How to Store Wooden Furniture

Wooden furniture can last for decades in the right home environment, but it can succumb to humidity and dings if you store it improperly, even for a short time. When you know how to prepare your wood pieces for storage, they'll come out looking as they did going in.

Desk, chair and computer covered with sheet
credit: Ryan McVay/Photodisc/Getty Images
Cover stored furniture to keep any light from fading it.

Polish to Protect

Storage units -- even heated or cooled ones -- aren't always the ideal temperature for wooden furniture. Wood that's stored in unstable temperature conditions, hot during the day and cold at night, can crack, swell or shrink, causing glued joints to loosen. A coat of furniture polish can help seal wood, keeping furniture from becoming dried out due to poor temperature control while it's in storage. If you're storing valuable antiques or any wood object for an extended period, months or years, paste wax offers a more protective sealant.

Wrap It Right

Covering wood furniture protects it from scratches and fading from any light source. Wood wrapped with plastic can sweat, causing it to swell or rot, especially if the storage area is not climate-controlled. If the wood furniture has leather or fabric parts, such as chair seats, plastic covers can cause these to become moldy. Old bed sheets or soft blankets don't trap moisture, making them ideal furniture covers for storage.

Put Down Plastic

Often, storage spaces have concrete flooring. Moisture leaches from concrete, and can cause wood to swell or rot. Before placing wood furniture on concrete, lay plastic or a dropcloth on the floor to avoid the wood wicking the moisture from the concrete. Plastic sheeting or tarps act as a barrier between the floor and wood, keeping wood furniture safer and drier than without them.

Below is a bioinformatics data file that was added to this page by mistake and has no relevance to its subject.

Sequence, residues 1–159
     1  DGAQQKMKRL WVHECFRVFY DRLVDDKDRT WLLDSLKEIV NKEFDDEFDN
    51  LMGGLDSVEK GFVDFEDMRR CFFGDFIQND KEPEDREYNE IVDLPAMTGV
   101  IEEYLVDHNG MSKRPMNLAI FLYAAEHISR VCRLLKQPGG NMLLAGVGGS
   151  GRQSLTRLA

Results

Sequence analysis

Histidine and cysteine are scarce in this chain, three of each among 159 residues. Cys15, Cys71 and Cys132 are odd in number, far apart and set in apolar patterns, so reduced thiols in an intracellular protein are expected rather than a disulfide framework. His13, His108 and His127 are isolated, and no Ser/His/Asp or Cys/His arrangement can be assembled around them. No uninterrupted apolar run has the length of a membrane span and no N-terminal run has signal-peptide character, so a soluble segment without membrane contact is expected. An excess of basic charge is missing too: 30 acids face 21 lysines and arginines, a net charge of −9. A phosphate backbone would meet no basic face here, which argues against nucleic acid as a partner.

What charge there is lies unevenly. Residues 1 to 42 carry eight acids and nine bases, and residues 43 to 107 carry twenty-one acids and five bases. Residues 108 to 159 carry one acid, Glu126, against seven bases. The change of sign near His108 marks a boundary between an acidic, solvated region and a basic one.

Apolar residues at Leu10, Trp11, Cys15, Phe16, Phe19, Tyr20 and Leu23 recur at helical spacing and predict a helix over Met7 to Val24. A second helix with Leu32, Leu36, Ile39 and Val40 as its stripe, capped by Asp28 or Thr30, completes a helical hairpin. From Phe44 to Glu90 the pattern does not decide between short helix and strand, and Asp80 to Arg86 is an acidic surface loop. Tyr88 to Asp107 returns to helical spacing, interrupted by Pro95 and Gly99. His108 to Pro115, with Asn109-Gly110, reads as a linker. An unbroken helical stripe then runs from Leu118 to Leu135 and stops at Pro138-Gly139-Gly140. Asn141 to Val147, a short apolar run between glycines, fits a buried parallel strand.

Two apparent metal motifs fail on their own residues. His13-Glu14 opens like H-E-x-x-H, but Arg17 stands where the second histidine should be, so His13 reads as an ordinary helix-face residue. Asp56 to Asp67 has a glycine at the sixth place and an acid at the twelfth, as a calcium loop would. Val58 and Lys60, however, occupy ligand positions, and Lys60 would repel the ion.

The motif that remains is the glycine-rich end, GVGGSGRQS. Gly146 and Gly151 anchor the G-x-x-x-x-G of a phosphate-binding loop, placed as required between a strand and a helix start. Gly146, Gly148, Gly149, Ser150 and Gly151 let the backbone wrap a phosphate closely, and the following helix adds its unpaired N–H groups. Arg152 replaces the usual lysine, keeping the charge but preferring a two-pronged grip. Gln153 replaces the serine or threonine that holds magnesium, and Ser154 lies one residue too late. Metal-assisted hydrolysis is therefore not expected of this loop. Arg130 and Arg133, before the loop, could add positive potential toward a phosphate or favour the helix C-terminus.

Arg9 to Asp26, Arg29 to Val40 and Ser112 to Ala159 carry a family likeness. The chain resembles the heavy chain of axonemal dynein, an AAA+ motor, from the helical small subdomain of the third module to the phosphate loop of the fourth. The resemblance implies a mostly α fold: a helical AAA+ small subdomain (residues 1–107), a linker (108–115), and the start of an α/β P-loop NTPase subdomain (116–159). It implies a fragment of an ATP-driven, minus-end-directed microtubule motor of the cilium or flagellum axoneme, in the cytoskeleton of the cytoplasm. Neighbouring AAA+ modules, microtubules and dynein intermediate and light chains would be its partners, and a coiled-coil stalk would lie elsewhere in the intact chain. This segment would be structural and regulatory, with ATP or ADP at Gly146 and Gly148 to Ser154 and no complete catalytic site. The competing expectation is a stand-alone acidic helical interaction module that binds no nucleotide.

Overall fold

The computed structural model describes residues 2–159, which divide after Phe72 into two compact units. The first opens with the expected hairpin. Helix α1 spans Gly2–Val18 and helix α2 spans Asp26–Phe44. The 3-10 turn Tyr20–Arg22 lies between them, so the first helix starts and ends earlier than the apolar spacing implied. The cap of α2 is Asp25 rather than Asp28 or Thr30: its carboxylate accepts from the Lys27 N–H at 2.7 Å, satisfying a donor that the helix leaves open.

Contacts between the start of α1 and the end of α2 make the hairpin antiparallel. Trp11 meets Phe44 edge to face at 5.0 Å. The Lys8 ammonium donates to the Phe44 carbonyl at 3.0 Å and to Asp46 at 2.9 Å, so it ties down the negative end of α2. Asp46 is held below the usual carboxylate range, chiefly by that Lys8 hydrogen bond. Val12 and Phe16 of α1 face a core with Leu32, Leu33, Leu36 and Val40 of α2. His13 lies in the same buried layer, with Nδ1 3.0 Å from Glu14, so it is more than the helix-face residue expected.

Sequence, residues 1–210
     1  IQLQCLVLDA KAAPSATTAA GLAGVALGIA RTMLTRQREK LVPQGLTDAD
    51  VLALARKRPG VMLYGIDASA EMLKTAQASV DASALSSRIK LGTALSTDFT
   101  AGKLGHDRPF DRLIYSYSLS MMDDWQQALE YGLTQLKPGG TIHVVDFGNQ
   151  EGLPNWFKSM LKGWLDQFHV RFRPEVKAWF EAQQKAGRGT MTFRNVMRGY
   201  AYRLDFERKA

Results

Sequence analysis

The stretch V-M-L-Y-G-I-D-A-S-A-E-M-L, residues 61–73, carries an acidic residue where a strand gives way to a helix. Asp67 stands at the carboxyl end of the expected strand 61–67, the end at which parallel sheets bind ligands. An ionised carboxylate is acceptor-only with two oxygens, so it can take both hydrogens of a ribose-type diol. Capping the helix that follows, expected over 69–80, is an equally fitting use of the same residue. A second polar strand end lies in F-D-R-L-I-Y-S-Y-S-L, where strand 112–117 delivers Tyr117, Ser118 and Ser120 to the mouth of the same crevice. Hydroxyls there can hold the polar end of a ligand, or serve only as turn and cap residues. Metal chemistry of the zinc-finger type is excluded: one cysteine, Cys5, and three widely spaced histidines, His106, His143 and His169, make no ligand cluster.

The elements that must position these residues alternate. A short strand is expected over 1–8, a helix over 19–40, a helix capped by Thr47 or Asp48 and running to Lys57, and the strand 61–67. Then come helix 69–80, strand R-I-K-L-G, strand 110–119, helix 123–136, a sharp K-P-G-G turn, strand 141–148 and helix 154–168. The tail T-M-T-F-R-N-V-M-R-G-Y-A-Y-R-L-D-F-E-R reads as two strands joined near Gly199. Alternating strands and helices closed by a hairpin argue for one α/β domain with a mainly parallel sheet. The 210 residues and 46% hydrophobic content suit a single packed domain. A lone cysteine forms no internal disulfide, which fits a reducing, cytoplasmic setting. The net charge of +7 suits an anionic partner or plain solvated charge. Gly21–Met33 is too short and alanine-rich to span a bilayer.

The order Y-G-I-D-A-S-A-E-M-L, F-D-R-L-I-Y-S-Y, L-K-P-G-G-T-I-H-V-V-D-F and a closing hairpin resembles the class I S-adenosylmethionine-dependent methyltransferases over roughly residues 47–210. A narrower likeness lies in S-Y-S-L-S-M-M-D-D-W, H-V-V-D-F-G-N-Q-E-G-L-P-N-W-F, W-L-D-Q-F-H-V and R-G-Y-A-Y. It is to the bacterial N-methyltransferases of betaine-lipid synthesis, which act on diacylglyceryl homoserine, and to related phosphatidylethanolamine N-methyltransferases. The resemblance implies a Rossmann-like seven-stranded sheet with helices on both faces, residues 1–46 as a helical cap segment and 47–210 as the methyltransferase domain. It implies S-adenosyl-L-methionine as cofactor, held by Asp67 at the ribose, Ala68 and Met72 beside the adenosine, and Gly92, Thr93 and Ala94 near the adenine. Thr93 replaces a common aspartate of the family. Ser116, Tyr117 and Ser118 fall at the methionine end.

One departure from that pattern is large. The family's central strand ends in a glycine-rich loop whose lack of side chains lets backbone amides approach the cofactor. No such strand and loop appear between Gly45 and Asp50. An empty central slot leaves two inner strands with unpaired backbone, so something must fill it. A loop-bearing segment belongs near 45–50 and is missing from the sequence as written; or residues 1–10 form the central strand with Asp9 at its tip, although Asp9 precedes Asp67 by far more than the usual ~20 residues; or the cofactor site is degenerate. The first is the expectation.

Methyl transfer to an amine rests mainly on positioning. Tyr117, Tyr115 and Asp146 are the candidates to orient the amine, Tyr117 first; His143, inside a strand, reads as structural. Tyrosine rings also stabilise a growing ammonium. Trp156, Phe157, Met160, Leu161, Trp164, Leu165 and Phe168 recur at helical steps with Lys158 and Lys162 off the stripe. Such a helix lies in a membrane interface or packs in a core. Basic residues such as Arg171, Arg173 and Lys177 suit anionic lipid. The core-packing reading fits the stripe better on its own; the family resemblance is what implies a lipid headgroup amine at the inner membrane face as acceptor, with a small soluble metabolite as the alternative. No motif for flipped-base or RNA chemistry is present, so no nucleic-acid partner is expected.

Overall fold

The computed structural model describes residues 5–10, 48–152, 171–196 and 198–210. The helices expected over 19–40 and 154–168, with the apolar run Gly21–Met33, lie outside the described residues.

Disassemble to Divert Damage

If you're storing wood tables or chairs with removable legs, take them apart. Not only does this make them more compact, so that they take up less room, but it also makes them easier to wrap than with the legs attached. And, this way, you won't be tempted to set other objects, such as boxes, on or under them, making them susceptible to scratches or dings. Store any removed bolts or screws in plastic bags, and tape each bag under its furniture piece and label it so that they don't become separated.

Build a Base

When possible, store your wooden furniture above the floor. Being raised, even slightly, protects it from flooding or leached moisture. Lay planks and plywood or wooden blocks, to act as a support or a subfloor to give your furniture a protective base or platform on which to wait out the storage period safely.